There was only one winner of Sunday’s big fight at the MGM Grand Arena in Las Vegas, and for longtime boxing trainer Teddy Atlas, it sure as hell wasn’t Timothy Bradley.
“If you’re an honest man, if you’re a competent person that knows what he’s watching, [Manny] Pacquiao won that fight,” Atlas said in an appearance on ESPN, where he serves as a boxing analyst.
For Atlas, one of two reasons would compel judges to award the fight to the undefeated American fighter: incompetence or corruption.
“In this case again, they don’t know what they’re watching, at the very best,” said Atlas. “Which is a sad thing to say, that at the best they didn’t know what they were watching, and at the worst they were influenced by other outside forces.”
Atlas also hinted that there was something fishy because of Pacquiao’s contract situation with Top Rank promoter Bob Arum.
“I’m not sure if it’s accurate that Pacquiao was about to leave one of the kingpins of the sport, Bob Arum. His contract was running out. But I think it was. And when that happens, sometimes funny things happen.”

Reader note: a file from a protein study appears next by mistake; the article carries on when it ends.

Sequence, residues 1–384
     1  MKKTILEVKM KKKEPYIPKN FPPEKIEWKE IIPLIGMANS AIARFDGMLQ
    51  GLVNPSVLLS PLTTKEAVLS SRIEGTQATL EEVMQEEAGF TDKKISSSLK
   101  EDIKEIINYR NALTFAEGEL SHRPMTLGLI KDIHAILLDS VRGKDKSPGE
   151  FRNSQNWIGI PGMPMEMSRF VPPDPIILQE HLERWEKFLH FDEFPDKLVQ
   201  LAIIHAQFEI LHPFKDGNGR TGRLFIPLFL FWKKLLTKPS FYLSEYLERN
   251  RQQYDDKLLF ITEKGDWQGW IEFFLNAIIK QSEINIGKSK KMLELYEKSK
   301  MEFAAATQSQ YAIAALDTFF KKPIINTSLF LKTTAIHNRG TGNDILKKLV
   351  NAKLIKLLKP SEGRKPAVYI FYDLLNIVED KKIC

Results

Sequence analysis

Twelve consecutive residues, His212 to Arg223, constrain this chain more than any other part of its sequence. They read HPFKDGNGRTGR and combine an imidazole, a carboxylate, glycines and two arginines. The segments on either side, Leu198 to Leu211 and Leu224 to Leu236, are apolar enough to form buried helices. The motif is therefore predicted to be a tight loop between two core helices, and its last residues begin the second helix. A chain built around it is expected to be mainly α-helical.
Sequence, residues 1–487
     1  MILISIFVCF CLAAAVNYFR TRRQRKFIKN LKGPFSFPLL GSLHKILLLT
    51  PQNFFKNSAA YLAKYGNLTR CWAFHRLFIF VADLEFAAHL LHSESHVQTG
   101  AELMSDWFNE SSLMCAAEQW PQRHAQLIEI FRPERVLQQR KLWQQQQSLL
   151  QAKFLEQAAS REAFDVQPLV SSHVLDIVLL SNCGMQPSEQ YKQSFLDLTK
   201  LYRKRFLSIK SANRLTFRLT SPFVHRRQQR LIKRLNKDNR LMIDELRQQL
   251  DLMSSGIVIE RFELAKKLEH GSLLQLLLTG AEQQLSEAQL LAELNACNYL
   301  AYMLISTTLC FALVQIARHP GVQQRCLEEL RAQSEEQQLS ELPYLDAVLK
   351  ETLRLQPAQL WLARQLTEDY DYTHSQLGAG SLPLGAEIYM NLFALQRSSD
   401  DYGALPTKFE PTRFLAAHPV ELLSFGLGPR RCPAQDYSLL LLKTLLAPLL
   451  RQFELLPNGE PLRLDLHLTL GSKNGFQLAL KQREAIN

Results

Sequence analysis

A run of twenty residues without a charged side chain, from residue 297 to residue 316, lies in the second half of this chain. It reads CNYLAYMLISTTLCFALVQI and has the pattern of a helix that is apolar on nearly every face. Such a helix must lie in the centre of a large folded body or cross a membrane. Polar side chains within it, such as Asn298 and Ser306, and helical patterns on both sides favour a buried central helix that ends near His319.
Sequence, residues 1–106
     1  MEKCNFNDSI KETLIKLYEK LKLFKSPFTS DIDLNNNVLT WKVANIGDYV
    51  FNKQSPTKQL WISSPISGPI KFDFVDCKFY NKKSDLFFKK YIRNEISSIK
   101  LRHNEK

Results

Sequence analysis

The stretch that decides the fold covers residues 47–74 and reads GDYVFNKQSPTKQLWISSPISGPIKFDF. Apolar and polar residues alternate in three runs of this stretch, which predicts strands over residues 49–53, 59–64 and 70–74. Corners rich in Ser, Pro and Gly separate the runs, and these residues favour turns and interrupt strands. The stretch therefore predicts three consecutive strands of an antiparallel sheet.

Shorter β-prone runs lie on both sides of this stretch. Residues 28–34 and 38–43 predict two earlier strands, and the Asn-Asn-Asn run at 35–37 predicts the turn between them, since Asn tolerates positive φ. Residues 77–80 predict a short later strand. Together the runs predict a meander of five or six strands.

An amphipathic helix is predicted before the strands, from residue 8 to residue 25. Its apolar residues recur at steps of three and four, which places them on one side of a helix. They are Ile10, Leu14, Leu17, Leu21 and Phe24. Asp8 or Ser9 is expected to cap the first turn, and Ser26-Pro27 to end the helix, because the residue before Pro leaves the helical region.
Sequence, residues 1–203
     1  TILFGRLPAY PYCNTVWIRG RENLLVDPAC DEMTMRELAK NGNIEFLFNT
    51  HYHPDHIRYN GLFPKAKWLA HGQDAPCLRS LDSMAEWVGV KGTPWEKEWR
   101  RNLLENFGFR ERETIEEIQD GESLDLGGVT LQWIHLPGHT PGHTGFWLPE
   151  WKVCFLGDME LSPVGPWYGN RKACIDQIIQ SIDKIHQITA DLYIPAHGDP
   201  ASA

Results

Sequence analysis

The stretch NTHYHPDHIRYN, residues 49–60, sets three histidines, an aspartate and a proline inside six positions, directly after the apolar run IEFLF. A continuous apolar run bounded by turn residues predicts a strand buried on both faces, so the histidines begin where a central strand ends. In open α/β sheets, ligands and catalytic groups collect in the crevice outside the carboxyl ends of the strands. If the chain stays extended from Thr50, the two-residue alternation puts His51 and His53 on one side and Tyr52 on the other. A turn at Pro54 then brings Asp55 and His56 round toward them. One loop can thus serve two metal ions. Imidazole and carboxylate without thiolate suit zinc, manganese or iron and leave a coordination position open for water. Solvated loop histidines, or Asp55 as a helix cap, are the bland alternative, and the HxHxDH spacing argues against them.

Arum had earlier expressed his disgust over the decision, saying that Pacquiao was robbed. But in an interview with Agence-France Presse, the veteran promoter stopped short of alleging that the fight was fixed.
“The one thing I refuse to even consider is that there was anything funny going on — betting or anything,” Arum said. “I don’t believe that. To the bottom of my bones I don’t believe that.
“I know these guys,” Arum said of the judges. “They’re honest. They need to correct their vision, but they’re honest.”
Meanwhile, conspiracy theories abound on the Internet. Haralabos Voulgaris, a professional sports gambler and poker player, noted on Twitter the curious amount of last-minute bets on Bradley in Las Vegas, hours before the opening bell.
“Late money on this boxing match, Pac was -432 at 2pm it closed -397 at pinny,” wrote Voulgaris. “Lots of late money on Bradley. Take that fwiw.”
Atlas, meanwhile, reiterated his call for reforms in the sport.
“I think there should be a scoring of judges — you know, a disciplinarian sort of board, that holds them accountable for their decisions. We don’t have that, and if we don’t have that, and we continue to not have that, guess what? We’re going to continue to have these kind of discussions, about fights that we thought the other guy should’ve won.”